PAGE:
Developing a technique to measure levels of tumour hypoxia during proton beam therapy through gamma-ray spectroscopy

Lead Research Organisation: University of Manchester
Department Name: Medical and Human Sciences


Around 50% of patients receive radiotherapy as part of their cancer treatment. One of the most important factors influencing clinical outcome, following radiotherapy, is tumour hypoxia. Low oxygen levels (hypoxia), is a characteristic of the tumour microenvironment which drives increased metastatic potential and confers resistance to radiotherapy, decreasing overall survival. However, even with advances in radiotherapy, including a move towards proton beam therapy (PBT), hypoxia-mediated radio-resistance is a complexity that remains. This project aims to develop a technique to measure oxygen levels, and consequently hypoxia, in tumours treated with PBT in real time. During PBT, dose is deposited in tissue by both the ionisation of atomic electrons and proton interactions with the atomic nuclei. This project takes a multidisciplinary approach to harness the naturally produced radiation during PBT to measure hypoxia. Real time measurement of hypoxia during treatment will inform adaptive therapy where radiation dose can be escalated to overcome hypoxic radio-resistance during fractionated treatment planning.

Planned Impact

A real-time, non-invasive measurement of whole tumour hypoxia has a clear clinical benefit and a simple clinical detection device could be developed. Follow-on funding would be used to further the technique to not only ascertain tumour hypoxia levels as a whole but to map the regions of differing hypoxia within a tumour. This will be achieved through a multi-detector system that can determine the gamma-ray origins using energy and time-of-flight information. This multi-detector clinical device will enable hypoxia mapping in 3 dimensions and guide dose escalation in those radiation resistant hypoxic regions in the tumour. This advancement would drive adaptive therapy whereby the treatment plan could be modified during the fractionated course of treatment to optimise the dose distribution being delivered. The proton therapy research group (of which the PI and CI's are members) currently collaborate with members of the treatment planning team at the Christie Hospital on plan optimisation and adaptive therapy.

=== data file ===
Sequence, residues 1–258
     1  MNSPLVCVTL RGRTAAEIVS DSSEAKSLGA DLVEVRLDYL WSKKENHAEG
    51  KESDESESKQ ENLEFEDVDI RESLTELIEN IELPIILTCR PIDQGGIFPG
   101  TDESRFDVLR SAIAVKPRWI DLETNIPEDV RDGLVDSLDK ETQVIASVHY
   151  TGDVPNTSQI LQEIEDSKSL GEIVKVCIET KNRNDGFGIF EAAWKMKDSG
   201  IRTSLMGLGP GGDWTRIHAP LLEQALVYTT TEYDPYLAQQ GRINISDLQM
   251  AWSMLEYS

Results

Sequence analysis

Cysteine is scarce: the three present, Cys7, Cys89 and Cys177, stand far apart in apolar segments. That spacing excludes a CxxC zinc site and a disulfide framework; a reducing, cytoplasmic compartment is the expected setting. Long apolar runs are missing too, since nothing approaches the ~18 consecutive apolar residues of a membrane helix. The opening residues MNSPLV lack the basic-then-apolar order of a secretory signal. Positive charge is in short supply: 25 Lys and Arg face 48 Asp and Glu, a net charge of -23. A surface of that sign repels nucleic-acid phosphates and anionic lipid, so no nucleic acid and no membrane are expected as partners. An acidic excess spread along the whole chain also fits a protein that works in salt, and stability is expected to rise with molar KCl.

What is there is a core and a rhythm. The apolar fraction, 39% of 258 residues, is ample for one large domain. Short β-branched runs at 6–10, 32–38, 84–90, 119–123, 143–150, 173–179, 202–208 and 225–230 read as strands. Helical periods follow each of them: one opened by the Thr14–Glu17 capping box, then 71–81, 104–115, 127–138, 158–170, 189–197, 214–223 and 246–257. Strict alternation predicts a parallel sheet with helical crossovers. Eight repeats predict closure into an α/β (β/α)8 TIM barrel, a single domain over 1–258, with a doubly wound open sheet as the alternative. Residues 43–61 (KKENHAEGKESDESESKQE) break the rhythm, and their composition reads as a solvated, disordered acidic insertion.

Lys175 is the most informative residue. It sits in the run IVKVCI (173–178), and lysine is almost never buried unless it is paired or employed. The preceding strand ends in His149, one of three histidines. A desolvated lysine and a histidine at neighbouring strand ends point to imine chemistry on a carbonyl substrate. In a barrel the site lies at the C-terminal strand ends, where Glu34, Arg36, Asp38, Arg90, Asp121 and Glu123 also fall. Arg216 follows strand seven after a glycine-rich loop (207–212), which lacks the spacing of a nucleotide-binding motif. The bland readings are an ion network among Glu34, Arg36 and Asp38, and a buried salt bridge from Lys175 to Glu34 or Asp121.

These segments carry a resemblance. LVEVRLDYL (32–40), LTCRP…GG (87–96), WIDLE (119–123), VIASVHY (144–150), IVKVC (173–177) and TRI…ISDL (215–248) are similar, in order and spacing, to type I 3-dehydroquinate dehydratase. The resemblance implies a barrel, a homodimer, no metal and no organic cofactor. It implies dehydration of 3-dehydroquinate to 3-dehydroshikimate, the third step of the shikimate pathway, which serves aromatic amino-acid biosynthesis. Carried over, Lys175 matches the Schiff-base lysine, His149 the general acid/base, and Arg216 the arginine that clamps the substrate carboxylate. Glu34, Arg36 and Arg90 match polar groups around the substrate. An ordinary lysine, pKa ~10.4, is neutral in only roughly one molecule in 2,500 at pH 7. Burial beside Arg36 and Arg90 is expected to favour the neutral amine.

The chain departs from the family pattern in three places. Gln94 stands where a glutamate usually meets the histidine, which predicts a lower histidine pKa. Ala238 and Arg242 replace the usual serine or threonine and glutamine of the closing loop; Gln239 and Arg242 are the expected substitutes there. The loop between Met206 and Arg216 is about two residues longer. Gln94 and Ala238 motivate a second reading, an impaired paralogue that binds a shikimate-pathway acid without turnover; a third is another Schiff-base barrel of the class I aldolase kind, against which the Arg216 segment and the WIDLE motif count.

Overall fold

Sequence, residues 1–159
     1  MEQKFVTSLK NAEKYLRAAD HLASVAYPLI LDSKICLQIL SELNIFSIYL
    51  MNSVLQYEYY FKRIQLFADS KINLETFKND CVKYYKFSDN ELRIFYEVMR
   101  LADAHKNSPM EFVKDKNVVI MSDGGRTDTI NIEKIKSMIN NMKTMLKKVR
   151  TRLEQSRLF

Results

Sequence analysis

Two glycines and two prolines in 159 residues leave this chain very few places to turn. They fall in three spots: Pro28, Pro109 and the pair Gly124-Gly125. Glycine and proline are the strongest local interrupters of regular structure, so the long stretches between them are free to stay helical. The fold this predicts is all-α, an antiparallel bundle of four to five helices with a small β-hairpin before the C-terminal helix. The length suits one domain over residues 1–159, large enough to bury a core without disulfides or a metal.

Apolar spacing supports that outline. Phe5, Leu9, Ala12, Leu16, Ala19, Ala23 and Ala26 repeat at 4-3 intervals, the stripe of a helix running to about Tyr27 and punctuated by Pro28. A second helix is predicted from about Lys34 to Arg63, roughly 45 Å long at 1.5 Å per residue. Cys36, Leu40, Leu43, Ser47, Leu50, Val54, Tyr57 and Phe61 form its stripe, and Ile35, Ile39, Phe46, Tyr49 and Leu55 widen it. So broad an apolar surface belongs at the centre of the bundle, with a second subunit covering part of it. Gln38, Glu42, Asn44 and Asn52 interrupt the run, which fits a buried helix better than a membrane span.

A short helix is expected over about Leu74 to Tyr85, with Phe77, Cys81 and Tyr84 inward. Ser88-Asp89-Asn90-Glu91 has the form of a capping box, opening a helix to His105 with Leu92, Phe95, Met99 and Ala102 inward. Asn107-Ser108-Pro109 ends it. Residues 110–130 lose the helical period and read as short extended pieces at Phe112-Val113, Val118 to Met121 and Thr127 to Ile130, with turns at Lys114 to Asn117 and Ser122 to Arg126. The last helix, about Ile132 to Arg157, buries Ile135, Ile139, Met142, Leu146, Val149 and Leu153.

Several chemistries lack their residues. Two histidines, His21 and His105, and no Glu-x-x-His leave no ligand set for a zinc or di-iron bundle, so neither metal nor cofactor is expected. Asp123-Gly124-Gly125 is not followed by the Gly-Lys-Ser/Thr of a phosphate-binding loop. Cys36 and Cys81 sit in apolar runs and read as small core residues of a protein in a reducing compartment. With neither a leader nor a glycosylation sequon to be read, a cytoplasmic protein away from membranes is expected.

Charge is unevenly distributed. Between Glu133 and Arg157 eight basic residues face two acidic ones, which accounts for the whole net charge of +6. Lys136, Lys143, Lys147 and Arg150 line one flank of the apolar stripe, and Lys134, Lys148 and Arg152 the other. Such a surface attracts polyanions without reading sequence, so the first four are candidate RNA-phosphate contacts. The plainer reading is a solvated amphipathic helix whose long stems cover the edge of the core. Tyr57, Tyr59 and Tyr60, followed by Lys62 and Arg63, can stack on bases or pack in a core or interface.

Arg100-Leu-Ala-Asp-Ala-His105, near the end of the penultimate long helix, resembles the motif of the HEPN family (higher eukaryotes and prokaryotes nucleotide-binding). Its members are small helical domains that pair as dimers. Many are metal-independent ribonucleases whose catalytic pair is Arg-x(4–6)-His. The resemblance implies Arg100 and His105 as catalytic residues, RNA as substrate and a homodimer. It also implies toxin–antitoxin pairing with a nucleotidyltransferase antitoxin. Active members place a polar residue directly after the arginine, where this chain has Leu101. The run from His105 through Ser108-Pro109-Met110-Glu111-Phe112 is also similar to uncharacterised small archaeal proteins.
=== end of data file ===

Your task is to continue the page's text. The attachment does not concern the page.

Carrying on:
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Description University of Birmingham 
Organisation University of Birmingham
Country United Kingdom 
Sector Academic/University 
PI Contribution Performed some measurements at the cyclotron laboratory at the University of Birmingham. Rented a hypoxia cabinet which resided there too for collaboration use. Developed a CRUK Mulit-disciplinary grant proposal with these collaborators.
Collaborator Contribution Allowed use of the cyclotron to deliver a proton beam to our samples. Allowed use of some of their LaBr detectors and electronics during the measurements.
Impact A follow-on proposal for CRUK funding was developed. This was, however, unsuccessful. This collaboration is mulit-disciplinary with the following disciplines involved: Nuclear Physics, Medical Physics, Proton Therapy Physics, Radiobiology
Start Year 2018
Description STEM Quantum Ambassador school talks 
Form Of Engagement Activity A talk or presentation
Part Of Official Scheme? No
Geographic Reach Regional
Primary Audience Schools
Results and Impact Gave a presentation on proton therapy research, as part of the STEM Quantum Ambassador programme, which included work around the grant topic to secondary school Y12 and 13 students. This was requested by the schools due to the surge in interest in medical physics amongst A level students. A question and answer session followed the presentation.
Year(s) Of Engagement Activity 2022